15.1 Cultural change is an important factor in driving reforms, including a shift in emphasis from a much criticised ‘culture of secrecy’[1] towards principles of open government. As one stakeholder commented in the context of the introduction of Government 2.0:

Leadership from the highest levels and generational change is required to make this a reality. The key is not to expect too much too soon as transparency is a terrifying concept for most government agencies and their officers.

All of the technical, legal and logistical problems will be solvable, but worthless without real cultural change at all levels of government.[2]

15.2 This chapter focuses on strategies for promoting an effective information-handling culture among Australian Government agencies and their employees. An effective information-handling culture minimises the unauthorised handling of Commonwealth information while encouraging information sharing in appropriate circumstances.

15.3 The first section of this chapter examines the various risk factors that may lead to inappropriate information sharing and a number of strategies that may overcome these risks. In particular, the ALRC considers the role of senior employees and supervisors, training and development programs, oaths and affirmations of secrecy and avenues for employees to ask questions and raise concerns. Clear and well-disseminated information-handling policies and effective information and communication technology (ICT) platforms, as recommended in Chapter 14, will also assist in promoting compliance with information-handling responsibilities.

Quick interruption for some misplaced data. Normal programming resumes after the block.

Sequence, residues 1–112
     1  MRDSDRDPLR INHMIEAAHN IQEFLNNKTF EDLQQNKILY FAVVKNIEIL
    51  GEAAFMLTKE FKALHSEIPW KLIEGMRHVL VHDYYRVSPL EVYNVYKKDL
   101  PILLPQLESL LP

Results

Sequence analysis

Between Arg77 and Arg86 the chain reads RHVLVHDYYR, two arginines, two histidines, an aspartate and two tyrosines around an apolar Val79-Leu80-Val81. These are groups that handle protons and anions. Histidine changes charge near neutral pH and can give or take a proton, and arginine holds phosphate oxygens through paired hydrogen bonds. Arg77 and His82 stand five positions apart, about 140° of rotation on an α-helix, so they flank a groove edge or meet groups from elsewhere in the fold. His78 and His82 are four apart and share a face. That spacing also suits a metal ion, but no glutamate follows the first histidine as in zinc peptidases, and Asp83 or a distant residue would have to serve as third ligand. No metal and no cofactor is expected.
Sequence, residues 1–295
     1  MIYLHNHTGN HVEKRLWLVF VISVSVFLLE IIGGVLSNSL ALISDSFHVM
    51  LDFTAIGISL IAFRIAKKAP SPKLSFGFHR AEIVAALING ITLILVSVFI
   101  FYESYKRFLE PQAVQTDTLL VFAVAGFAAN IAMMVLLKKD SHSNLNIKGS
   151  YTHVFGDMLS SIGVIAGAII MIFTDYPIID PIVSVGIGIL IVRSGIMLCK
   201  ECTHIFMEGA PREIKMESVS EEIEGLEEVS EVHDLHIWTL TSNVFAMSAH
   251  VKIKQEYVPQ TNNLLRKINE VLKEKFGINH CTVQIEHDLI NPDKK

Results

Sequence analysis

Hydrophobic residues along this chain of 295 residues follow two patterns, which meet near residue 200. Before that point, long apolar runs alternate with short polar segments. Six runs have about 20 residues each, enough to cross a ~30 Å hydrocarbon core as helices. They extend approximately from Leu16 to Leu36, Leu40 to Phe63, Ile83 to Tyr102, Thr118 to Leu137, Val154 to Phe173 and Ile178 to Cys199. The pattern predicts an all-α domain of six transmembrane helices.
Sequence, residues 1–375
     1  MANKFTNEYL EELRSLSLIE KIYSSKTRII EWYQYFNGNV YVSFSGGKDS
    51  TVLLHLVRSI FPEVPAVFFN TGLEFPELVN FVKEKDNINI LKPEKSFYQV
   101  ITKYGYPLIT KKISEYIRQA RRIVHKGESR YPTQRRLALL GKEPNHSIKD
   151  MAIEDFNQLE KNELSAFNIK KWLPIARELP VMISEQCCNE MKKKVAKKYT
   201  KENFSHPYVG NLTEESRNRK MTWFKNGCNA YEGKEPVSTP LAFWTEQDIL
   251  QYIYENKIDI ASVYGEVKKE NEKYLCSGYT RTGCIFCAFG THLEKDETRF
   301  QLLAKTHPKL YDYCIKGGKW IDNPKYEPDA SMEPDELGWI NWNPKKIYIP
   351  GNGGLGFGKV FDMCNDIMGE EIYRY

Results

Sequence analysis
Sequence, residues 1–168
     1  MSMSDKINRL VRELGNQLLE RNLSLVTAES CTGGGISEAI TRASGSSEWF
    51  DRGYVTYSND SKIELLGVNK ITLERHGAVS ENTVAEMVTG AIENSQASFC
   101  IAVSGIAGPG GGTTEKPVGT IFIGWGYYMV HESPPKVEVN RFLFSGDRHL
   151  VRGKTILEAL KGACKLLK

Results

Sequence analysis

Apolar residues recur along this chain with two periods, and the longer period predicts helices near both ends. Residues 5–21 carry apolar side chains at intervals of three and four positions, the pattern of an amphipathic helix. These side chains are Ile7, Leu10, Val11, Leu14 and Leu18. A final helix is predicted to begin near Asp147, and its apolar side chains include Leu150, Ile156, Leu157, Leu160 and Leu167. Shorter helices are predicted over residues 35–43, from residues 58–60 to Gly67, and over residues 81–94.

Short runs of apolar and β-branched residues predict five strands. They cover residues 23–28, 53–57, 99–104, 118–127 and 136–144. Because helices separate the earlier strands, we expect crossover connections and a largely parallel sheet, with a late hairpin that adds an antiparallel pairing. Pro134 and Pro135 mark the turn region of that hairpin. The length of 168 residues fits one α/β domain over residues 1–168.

15.4 The chapter goes on to consider strategies to promote effective information-handling culture at the level of Australian Government agencies—in particular, by recommending a role for the proposed Information Commissioner.[3]

[1] See comments in Australian Law Reform Commission and Administrative Review Council, Open Government: A Review of the Federal Freedom of Information Act 1982, ALRC 77 (1995), Ch 4.

[2] Government 2.0 Taskforce, Towards Government 2.0: An Issues Paper (2009), 13. The Government 2.0 Taskforce is discussed in Ch 2.

[3] As discussed below, establishment of an Information Commissioner for the Australian Government is the subject of the Exposure Draft, Information Commissioner Bill 2009 (Cth).